As I mentioned above, Buena Vista Home Entertainment took the DVD back to the drawing board at one point to add the original Japanese language track to the disc. As it is released now, "Princess Mononoke" contains English, French and Japanese <$5.1,5.1 channel> <$DD,Dolby Digital> audio tracks. No matter which one you prefer and choose, either one is extremely well produced and clear. I was surprised at how well even the English dub of the film was done, and how well the voices matched the characters. Dialogues are very clean and understandable, and the music and sound effects are also well integrated. Surround usage of the audio track is somewhat limited, but he tracks make very good use of the front sound stage with a wide stereo field.

Interestingly, "Princess Mononoke" contains two different English subtitle tacks. The first one is the subtitle track for the English dubbed version of the film, which is, naturally, not literally translated and a bit more free flowing. Just like the Japanese audio track, the second subtitle track is for the purist fans, containing the literal translation of the Japanese audio. Is was very surprised – and pleased – by the extra effort Buena Vista Home Entertainment put into this end of the release to make sure to cover all ends.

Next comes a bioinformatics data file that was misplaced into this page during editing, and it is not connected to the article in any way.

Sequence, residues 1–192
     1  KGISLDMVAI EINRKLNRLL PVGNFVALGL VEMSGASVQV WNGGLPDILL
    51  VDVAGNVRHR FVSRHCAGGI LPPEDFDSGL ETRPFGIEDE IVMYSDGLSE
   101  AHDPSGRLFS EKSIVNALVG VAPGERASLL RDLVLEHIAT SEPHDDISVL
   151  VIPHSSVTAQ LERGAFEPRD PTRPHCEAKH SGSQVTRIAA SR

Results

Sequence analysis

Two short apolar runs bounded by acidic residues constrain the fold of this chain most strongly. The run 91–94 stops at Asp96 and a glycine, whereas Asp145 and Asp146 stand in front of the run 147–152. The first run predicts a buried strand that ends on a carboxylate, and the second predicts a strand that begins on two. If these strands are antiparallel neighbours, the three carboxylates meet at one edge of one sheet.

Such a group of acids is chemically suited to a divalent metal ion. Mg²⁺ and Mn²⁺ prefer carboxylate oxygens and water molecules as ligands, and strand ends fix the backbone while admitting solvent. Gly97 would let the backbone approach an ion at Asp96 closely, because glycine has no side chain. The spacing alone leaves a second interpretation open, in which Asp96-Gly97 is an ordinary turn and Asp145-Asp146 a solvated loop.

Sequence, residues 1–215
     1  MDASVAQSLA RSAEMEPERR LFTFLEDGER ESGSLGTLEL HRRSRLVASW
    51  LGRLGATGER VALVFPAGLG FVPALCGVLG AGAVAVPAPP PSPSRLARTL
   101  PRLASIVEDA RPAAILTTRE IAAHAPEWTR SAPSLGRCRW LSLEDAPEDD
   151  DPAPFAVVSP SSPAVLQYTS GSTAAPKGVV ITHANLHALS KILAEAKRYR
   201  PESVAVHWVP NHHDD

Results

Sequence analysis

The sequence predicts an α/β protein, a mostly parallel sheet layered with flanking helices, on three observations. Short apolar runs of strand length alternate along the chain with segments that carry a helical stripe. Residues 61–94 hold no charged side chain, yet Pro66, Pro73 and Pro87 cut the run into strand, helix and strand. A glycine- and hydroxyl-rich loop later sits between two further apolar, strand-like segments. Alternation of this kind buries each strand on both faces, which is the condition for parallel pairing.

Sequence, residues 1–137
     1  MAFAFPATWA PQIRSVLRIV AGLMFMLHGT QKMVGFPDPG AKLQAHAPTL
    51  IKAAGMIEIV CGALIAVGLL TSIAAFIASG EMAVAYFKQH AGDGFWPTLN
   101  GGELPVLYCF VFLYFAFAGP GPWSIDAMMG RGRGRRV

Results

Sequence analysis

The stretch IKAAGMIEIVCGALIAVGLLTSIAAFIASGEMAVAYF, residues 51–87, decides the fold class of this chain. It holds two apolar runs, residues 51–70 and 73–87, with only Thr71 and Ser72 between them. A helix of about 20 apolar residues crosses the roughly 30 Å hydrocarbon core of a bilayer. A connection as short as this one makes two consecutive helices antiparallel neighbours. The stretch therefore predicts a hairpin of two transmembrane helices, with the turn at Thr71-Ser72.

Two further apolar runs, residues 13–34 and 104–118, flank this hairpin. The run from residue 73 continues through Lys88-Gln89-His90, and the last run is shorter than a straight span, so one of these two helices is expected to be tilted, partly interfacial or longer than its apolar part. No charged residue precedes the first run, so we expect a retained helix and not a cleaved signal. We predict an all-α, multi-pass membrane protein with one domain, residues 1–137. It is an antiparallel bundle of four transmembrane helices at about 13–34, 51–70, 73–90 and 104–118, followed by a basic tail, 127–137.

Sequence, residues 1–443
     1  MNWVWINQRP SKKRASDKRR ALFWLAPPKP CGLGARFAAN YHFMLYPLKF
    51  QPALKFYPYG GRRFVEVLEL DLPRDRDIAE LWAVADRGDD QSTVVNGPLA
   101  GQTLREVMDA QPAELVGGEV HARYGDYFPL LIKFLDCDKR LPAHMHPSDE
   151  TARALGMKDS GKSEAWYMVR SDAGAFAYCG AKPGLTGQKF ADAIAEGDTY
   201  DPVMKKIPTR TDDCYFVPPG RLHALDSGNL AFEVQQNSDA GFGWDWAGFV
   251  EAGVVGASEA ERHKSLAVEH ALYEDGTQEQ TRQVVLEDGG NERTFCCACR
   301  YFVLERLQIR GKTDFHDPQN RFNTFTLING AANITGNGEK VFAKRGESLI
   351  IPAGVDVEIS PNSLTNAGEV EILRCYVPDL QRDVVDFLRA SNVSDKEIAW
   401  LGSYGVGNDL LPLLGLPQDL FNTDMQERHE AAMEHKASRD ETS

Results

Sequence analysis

Apart from the stellar presentation of the feature film itself, the DVD also contains a few supplements, such as the film’s theatrical US trailer and a 5-minute featurette, containing interviews with many of the voice talent who stood in for the American language version.

I was completely smitten with "Princess Mononoke," I have to admit. While the presentation is marvelous, it is the film itself that touched me and made me ponder. Intelligent, imaginative, sophisticated and magically beautiful, "Princess Mononoke" is a poetic film and an epic story that can easily be compared to live-action films in its scope and importance. It works on may levels, and children will walk away form the film, understanding that trampling on nature is not a good thing to do. Adults on the other hand will get a harsh reminder that nature, as granted as we may take it, is a very fragile and delicate bio-system that we destroy on a daily basis without second thoughts. But do we really have to? Watch the movie on this DVD and then answer that question for yourself.